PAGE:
Gender differences in the association of a high quality job and self-esteem over time: A multiwave study

Keller, Anita; Meier, Laurenz L.; Gross, Sven; Semmer, Norbert K. (2015). Gender differences in the association of a high quality job and self-esteem over time: A multiwave study. European Journal of Work and Organizational Psychology, 24(1), pp. 113-125. Taylor & Francis 10.1080/1359432X.2013.865118

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High self-esteem often predicts job-related outcomes, such as high job satisfaction or high status. Theoretically, high quality jobs (HQJs) should be important for self-esteem, as they enable people to use a variety of skills and attribute accomplishments to themselves, but research findings are mixed. We expected reciprocal relationships between self-esteem and HQJ. However, as work often is more important for the status of men, we expected HQJ to have a stronger influence on self-esteem for men as compared to women. Conversely, task-related achievements violate gender stereotypes for women, who may need high self-esteem to obtain HQJs. In a 4-year cross-lagged panel analysis with 325 young workers, self-esteem predicted HQJ; the lagged effect from HQJ on self-esteem was marginally significant. In line with the hypotheses, the multigroup model showed a significant path only from self-esteem to HQJ for women, and from HQJ to self-esteem for men. The reverse effect was not found for women, and only marginally significant for men. Overall, although there were some indications for reciprocal effects, our findings suggest that women need high self-esteem to obtain HQJs to a greater degree than men, and that men base their self-esteem on HQJs to a greater extent than women.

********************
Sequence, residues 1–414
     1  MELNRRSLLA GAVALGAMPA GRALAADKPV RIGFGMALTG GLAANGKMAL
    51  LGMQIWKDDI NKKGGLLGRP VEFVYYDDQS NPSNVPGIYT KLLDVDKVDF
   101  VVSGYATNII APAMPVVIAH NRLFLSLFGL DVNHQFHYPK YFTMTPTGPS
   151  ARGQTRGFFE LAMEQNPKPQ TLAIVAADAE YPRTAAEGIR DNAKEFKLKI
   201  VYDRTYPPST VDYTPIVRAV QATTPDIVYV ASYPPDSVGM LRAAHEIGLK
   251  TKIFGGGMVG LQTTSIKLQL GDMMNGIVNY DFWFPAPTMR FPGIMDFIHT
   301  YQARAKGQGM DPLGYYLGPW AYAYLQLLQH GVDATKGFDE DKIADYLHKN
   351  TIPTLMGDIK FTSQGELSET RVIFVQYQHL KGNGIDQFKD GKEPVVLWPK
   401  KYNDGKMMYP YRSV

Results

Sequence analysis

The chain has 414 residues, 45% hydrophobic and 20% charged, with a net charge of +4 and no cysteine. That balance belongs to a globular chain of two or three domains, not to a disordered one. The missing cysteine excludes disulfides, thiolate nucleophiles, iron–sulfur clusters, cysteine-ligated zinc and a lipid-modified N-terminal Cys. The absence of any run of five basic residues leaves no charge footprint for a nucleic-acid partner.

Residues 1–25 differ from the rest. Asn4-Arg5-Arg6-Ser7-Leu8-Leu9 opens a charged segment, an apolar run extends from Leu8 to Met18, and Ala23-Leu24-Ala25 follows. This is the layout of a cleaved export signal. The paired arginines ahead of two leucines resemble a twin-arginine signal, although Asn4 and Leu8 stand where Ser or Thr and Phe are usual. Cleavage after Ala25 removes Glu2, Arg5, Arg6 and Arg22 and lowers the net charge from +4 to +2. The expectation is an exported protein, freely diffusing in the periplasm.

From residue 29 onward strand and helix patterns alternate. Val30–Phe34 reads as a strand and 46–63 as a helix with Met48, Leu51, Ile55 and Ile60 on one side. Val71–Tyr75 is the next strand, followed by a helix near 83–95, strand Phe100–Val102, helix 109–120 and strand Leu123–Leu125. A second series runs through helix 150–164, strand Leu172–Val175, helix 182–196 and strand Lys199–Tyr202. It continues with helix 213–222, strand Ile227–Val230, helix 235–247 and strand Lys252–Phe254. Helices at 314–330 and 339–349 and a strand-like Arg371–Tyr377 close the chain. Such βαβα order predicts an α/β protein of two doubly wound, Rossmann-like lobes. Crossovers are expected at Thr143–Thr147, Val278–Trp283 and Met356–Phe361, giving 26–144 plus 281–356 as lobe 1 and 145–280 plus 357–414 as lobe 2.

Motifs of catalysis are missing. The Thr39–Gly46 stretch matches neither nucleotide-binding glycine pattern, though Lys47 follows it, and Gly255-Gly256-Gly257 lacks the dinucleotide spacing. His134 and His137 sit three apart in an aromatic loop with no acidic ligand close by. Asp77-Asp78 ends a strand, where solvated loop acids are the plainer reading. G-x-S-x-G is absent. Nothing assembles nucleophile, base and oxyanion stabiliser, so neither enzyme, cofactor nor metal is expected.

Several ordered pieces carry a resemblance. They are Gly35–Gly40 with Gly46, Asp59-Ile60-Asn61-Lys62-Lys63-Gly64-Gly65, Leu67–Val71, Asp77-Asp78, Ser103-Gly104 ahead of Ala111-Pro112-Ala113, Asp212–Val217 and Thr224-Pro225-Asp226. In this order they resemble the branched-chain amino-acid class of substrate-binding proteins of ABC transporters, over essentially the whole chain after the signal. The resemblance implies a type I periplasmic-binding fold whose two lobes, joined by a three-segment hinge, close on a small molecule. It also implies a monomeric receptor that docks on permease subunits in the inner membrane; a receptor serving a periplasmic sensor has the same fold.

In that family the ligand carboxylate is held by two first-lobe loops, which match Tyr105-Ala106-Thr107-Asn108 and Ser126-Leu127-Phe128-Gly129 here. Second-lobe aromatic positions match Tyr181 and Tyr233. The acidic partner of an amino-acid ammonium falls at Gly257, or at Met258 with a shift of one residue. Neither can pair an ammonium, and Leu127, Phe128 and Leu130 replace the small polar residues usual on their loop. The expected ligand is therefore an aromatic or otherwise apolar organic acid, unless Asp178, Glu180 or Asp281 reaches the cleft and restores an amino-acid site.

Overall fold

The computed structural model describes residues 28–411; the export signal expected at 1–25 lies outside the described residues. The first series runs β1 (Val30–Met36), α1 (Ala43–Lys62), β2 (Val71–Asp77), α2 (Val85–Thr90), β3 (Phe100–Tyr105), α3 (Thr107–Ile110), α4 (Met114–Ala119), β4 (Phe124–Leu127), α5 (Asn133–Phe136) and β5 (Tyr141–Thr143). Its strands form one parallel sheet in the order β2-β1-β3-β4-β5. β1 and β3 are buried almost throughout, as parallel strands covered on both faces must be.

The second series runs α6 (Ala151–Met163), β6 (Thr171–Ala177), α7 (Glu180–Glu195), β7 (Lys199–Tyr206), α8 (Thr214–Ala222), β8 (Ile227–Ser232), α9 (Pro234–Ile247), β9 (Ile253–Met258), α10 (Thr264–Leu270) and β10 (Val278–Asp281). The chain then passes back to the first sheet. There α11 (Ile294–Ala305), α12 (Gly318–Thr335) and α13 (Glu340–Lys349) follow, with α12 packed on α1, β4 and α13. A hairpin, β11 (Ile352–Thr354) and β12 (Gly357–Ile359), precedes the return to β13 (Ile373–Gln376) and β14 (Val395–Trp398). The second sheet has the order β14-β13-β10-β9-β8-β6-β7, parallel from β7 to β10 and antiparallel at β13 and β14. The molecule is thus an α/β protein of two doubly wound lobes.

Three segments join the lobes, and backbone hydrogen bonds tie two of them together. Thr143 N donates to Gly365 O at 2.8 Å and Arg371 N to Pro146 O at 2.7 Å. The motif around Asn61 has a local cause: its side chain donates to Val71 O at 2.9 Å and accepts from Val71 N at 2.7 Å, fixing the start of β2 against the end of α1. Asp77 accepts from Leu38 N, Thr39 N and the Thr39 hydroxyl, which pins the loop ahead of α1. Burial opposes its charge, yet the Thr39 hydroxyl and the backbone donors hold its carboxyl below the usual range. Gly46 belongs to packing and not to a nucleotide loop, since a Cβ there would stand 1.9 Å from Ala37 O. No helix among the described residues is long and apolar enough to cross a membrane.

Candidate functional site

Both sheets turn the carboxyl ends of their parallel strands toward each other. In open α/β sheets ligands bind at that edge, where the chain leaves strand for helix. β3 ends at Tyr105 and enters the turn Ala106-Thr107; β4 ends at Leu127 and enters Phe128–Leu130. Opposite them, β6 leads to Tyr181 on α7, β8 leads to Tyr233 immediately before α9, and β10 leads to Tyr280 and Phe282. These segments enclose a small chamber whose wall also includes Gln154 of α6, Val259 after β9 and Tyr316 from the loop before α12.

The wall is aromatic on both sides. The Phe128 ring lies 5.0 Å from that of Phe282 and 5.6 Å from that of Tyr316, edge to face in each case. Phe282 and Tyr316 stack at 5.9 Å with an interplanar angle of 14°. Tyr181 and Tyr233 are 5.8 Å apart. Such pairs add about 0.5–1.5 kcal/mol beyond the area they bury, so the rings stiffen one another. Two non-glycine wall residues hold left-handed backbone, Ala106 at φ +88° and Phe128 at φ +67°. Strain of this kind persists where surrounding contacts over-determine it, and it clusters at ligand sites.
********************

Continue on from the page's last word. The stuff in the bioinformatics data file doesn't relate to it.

Item Type:

Journal Article (Original Article)


07 Faculty of Human Sciences > Institute of Psychology > Work and Organisational Psychology
07 Faculty of Human Sciences > Institute of Psychology

UniBE Contributor:

Keller, Anita (A), Meier, Laurenz L., Gross, Sven (B), Semmer, Norbert Karl


100 Philosophy > 150 Psychology
300 Social sciences, sociology & anthropology




Taylor & Francis


[1036] Transitions from Education to Employment (TREE) Official URL




Thomas Meyer

Date Deposited:

03 Apr 2014 11:33

Last Modified:

29 Mar 2023 23:33

Publisher DOI:





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